Elijah the Prophet has several different personalities, depending on where you’re looking. In the Bible, he’s a forbidding and wrathful prophet, more serious than God. In Jewish folklore, he’s a kind of Father Christmas, sipping cups of wine at every Seder and Bris. Kristen Lindbeck considers the sum total of stories involving Elijah in the Babylonian Talmud as a cohesive narrative web. There are almost 40 such stories, and she divides them into several smaller groups with different characteristics. The image of Elijah that emerges from these stories is that of a super-rabbi, a character with some special abilities who lives in the same world as the rabbis who created the Talmud. The stories are really about Elijah’s encounters with those rabbis — how he helps them, teaches them, reprimands them and saves them from sticky situations. Lindbeck uses tools from oral-formulaic studies and from the study of folklore in order to break the stories into sub-sets and to isolate the themes and messages that can be found within them. Perhaps her most interesting suggestion is that some of the stories about Elijah are based upon Greek myths about Hermes, and are intended as a humorous Jewish perspective on the relationship between God and man.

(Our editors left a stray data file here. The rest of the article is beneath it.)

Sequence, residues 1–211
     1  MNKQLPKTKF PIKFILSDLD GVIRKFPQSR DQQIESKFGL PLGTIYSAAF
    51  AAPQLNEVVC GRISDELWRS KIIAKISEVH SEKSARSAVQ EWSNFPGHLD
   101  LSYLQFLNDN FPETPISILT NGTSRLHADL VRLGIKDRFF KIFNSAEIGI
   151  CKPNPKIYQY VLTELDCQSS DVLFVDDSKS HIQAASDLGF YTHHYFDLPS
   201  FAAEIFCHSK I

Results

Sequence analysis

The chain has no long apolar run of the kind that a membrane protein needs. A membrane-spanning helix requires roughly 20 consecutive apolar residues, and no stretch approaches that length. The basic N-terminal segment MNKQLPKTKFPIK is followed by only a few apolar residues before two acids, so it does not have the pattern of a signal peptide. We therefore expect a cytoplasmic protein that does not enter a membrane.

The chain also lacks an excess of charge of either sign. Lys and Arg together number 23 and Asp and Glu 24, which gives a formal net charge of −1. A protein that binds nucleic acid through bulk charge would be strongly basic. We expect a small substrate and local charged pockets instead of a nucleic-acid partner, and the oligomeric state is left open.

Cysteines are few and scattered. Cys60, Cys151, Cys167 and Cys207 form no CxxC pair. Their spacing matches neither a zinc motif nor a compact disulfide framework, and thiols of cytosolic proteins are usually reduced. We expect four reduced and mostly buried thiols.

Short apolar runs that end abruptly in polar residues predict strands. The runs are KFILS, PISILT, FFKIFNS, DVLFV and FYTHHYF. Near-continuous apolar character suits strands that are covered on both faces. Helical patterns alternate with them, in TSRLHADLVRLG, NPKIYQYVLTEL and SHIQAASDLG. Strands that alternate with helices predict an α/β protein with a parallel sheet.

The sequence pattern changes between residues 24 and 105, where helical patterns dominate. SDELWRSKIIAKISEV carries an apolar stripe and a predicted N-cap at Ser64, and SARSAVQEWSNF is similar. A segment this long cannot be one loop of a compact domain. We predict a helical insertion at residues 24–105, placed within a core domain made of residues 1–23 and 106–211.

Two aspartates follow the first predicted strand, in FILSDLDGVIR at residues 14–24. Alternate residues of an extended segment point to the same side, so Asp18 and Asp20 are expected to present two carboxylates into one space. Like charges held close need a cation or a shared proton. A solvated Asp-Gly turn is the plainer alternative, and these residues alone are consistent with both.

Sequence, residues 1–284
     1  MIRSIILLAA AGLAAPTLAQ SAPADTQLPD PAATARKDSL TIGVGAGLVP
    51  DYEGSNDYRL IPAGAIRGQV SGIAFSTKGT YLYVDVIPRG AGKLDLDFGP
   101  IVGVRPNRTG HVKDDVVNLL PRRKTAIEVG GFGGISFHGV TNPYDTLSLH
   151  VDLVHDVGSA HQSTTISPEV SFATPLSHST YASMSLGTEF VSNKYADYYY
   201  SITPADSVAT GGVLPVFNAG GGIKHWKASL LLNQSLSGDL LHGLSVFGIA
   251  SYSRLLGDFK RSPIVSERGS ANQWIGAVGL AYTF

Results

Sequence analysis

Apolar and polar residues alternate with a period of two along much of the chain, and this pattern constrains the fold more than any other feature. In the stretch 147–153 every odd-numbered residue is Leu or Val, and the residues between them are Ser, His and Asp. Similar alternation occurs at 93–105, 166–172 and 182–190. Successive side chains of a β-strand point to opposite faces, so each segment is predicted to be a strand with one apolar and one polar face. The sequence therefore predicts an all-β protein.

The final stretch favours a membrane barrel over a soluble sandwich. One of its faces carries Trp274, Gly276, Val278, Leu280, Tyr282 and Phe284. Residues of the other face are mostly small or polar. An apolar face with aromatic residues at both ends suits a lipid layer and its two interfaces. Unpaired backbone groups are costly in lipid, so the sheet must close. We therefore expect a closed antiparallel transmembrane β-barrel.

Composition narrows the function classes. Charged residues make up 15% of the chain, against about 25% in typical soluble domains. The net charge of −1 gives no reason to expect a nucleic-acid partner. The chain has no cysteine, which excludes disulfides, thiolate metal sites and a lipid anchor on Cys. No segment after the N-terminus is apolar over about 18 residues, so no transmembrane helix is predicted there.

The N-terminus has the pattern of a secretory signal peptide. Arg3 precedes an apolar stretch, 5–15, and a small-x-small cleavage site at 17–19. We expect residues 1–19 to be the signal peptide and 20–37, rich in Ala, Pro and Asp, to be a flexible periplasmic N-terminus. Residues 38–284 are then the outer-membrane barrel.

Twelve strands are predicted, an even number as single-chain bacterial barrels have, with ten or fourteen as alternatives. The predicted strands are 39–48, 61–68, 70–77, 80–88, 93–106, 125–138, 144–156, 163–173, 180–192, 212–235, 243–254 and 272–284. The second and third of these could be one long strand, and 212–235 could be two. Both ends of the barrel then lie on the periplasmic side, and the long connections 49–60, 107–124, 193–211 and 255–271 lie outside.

Pinchas Roth (PR) is a post-doctoral fellow at Ben Gurion University of the Negev.